The hydration pinch test for horsesCapillary refill time is another good test for hydration.  Press a finger to the upper gum for one or two seconds.  When you remove your finger the normal, pink color of the gum should return in one to two seconds.  If it takes longer for the color to return, your horse is probably dehydrated.

When horses sweat to cool themselves, they not only lose fluid, but also massive amounts of electrolytes.  Muscle recovery and the synthesis of glycogen after exercise is dependent on intercellular water and electrolytes.  Horses can’t replenish muscle glycogen as quickly as humans do.

Electrolytes combined with water provides fast delivery through the oral transmucosal pathway.  Oral transmucosal absorption is rapid because of the rich vascular supply to the oral mucosa.  Even the respiratory tract provides a large mucosal surface for water, nutrients, and electrolyte absorption.

A study conducted at Michigan State University by Hal Schott, DVM, showed that adding electrolytes, particularly salt added to water, helps to maintain the horse’s thirst drive.

An initial drink of salt water improved recovery of sweat fluid losses because horses drank more water when it was offered a few minutes later.  With that initial drink of salt water, the salt concentration in the blood remains elevated to activate the drinking centers of the brain.  In contrast, horses that were offered plain water for their initial drink did not drink further during the initial hour of recovery, despite the fact that they remained partially dehydrated.”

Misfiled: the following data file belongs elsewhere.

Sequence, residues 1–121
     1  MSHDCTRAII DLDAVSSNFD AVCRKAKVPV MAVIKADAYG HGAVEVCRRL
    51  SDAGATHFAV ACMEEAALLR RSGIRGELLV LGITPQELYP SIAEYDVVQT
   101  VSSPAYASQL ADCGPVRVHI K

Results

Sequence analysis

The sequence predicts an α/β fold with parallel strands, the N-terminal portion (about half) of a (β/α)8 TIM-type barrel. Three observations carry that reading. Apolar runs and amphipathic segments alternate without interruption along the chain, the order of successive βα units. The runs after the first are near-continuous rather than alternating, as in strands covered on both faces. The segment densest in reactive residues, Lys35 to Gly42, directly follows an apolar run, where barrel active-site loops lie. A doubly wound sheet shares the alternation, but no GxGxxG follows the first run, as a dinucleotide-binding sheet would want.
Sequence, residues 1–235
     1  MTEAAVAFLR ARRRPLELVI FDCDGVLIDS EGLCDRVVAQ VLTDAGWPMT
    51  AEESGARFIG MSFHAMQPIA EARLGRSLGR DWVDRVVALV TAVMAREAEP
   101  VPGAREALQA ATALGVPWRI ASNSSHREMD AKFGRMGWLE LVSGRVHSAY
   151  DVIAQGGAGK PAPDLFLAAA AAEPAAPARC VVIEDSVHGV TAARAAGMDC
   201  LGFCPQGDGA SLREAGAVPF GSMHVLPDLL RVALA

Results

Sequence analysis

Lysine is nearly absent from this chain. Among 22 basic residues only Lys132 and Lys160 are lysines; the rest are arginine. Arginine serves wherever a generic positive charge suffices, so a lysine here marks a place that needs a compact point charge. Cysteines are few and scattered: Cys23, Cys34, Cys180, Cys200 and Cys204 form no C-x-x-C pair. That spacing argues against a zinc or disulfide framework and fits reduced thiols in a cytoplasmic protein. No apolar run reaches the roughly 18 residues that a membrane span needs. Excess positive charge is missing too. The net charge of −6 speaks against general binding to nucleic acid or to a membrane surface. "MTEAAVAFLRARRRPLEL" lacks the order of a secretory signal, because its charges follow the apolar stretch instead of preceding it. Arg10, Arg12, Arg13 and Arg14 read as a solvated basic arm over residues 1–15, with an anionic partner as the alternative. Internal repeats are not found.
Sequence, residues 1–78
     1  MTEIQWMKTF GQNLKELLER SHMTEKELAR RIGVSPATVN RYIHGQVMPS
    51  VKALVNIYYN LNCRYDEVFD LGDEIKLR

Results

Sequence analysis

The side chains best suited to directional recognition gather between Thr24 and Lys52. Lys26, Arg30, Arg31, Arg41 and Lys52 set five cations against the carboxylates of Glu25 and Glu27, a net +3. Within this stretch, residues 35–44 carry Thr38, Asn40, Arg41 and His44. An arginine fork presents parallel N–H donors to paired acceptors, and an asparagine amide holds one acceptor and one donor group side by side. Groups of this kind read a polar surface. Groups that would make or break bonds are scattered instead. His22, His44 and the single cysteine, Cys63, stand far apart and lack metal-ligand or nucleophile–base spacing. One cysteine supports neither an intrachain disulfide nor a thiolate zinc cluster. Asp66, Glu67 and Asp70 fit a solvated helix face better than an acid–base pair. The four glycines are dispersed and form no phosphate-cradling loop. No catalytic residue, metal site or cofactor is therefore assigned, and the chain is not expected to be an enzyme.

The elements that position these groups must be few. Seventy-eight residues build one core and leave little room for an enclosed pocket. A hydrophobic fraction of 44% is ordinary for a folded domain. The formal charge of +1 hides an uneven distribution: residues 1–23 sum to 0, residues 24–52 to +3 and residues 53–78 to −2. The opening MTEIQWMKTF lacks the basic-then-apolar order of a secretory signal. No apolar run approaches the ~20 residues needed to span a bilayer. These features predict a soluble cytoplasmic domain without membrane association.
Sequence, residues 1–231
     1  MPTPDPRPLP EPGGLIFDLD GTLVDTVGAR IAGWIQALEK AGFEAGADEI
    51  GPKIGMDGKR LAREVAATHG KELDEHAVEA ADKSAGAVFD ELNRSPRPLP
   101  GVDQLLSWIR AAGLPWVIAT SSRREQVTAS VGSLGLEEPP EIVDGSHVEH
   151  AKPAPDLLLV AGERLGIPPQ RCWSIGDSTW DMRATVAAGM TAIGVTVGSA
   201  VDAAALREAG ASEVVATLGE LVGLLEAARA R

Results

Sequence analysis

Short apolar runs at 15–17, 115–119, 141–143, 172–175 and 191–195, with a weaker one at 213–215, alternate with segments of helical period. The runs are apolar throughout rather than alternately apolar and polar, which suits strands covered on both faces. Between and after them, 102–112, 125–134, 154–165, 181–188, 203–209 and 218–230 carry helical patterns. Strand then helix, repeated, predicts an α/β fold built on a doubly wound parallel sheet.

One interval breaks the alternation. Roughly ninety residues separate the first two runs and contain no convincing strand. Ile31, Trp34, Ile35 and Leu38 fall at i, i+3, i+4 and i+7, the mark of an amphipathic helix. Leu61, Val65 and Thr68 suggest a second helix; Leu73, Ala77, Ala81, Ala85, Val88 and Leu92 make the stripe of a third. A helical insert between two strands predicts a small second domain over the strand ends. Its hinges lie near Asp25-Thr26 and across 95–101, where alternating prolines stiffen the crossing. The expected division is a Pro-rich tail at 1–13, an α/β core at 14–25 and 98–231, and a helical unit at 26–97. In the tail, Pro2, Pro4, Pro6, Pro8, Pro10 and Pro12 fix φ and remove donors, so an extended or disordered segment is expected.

Electrolytes added to feed is a much slower delivery system than electrolytes in paste or added to a bucket of water.  Don’t depend on a salt lick or salt block for all the electrolyte needs of your horse in hot weather.  If your horse is dehydrated, it is especially important not to add electrolytes to the feed.  Electrolytes given without water can cause further dehydration.

After your horse is cool, provide electrolytes either by paste syringe or in water.  Prepare two buckets of water: one with the electrolytes, one with plain water.

Keep in mind that some horses can develop ulcers to the mouth and stomach from the overuse of electrolytes.  Some horses are sensitive to paste-based electrolytes given on an empty stomach unless gastric protection is added to (or included with) the electrolyte formula.